After a Wisconsin Elections Commission went through ballot paperwork, it turns out they found that dozens of 17-year-old voted illegally in a primary election, believing that they were allowed to cast ballots if they were turning 18 that year. Excellent work of the liberal school system.
The investigation found that more than 60 underage kids were allowed to vote in last April’s hotly contested primary. “Kewaunee County referred nine people to prosecutors for voting as 17-year-olds, Rock County referred seven and Racine County referred five. Brown County referred what the report called “multiple” 17-year-olds to prosecutors. The report did not track charging decisions or for whom the 17-year-olds voted,” reports PBS.
This comes as Trump, at the start of his presidency made the announcement over twitter that millions of people vote illegally in this country. Now that investigators are looking into it, they have found many illegal votes.
PBS has more:
Republican Ted Cruz won the GOP primary in Wisconsin. Bernie Sanders won the Democratic contest. The state ultimately voted for Trump in the November general election, marking the first time a Republican presidential candidate had won Wisconsin since Ronald Reagan in 1984.
The report found at least 60 cases of 17-year-olds voting in the April primary in 29 counties. Kewaunee County referred nine people to prosecutors for voting as 17-year-olds, Rock County referred seven and Racine County referred five. Brown County referred what the report called “multiple” 17-year-olds to prosecutors. The report did not track charging decisions or for whom the 17-year-olds voted.
Commission spokesman Reid Magney said Monday that he’d never seen this issue crop up before. The teenagers were likely encouraged to go to the polls by messages flying around social media during the spring primary season saying 17-year-olds can vote in some states as long as they turn 18 before the November election, the report said.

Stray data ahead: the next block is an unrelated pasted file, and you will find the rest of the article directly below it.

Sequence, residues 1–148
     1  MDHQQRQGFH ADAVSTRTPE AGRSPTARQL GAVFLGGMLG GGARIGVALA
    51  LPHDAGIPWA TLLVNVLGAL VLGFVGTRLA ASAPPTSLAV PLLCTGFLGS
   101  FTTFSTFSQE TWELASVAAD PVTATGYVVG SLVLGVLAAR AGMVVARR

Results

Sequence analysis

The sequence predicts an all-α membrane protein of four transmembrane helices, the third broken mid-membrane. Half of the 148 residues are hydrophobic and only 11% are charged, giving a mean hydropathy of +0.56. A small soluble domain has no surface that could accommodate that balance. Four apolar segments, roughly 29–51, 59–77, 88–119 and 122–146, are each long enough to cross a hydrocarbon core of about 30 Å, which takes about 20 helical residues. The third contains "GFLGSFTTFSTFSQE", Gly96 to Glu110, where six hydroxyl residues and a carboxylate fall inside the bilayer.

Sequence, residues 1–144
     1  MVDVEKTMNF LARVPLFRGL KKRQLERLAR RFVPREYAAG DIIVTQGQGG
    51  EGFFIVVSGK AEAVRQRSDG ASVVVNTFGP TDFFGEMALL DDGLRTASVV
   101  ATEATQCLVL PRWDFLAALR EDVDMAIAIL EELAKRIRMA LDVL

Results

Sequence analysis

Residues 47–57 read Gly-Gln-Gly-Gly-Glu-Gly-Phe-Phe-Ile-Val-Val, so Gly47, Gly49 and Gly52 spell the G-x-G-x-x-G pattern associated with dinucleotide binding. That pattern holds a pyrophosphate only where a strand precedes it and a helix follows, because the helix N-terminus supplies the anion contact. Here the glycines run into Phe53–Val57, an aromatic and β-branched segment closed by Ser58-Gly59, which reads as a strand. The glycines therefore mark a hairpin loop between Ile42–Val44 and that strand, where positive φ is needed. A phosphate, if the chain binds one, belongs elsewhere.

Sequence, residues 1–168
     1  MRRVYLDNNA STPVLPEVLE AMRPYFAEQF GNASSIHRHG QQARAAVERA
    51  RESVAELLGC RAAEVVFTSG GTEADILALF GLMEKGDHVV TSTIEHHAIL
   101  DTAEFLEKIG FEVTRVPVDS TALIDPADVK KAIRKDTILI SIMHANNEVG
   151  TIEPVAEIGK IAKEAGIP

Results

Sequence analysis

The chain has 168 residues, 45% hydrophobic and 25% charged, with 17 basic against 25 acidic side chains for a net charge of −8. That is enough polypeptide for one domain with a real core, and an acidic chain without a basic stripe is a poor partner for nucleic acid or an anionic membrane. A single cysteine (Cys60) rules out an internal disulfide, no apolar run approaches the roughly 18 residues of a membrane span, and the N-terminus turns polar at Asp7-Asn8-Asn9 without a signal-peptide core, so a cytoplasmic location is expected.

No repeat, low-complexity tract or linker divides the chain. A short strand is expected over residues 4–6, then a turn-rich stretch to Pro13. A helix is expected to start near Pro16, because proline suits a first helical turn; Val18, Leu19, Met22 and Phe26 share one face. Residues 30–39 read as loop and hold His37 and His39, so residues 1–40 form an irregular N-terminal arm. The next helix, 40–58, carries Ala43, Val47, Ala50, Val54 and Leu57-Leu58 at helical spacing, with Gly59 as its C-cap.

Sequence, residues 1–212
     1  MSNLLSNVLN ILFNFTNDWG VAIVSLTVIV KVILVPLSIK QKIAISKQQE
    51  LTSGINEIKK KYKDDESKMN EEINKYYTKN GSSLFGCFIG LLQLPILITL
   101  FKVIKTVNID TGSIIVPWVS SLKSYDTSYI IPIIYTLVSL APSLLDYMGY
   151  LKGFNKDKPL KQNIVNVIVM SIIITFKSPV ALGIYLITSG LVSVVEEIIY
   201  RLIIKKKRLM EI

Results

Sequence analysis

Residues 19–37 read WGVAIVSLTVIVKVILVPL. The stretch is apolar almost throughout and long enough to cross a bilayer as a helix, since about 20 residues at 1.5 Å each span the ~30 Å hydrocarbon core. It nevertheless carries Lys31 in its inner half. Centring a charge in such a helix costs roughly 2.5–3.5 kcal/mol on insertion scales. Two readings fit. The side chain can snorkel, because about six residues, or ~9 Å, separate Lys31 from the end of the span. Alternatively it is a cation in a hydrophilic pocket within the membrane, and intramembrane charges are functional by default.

Some political campaigns were also spreading false information about eligibility, the report said. The Sanders campaign specifically was sending out national messages on social media about 17-year-olds being able to vote in presidential primaries, Magney said, although Wisconsin election officials didn’t see any misinformation from that campaign about Wisconsin.
No one under 18 can vote in any Wisconsin election, but 17-year-olds may have seen Sanders’ messages and thought they could vote. Poll workers may not have understood the law or may not have been paying enough attention, he added.
“It wasn’t a case of anyone sneaking in,” Magney said. “It was a misunderstanding of the law.”
Sanders campaign officials didn’t immediately respond to an email Monday seeking comment.
Kewaunee County District Attorney Andrew Naze said he chose not to charge any of the 17-year-olds whom clerks referred to him. He said they honestly thought they were eligible to vote and didn’t intend to break the law. Prosecutors in Rock, Racine and Brown counties didn’t immediately respond to messages Monday.
The report noted that its findings aren’t conclusive and it’s possible other instances of suspected fraud may have been referred to prosecutors without the commission’s knowledge or people may have filed complaints directly with district attorneys.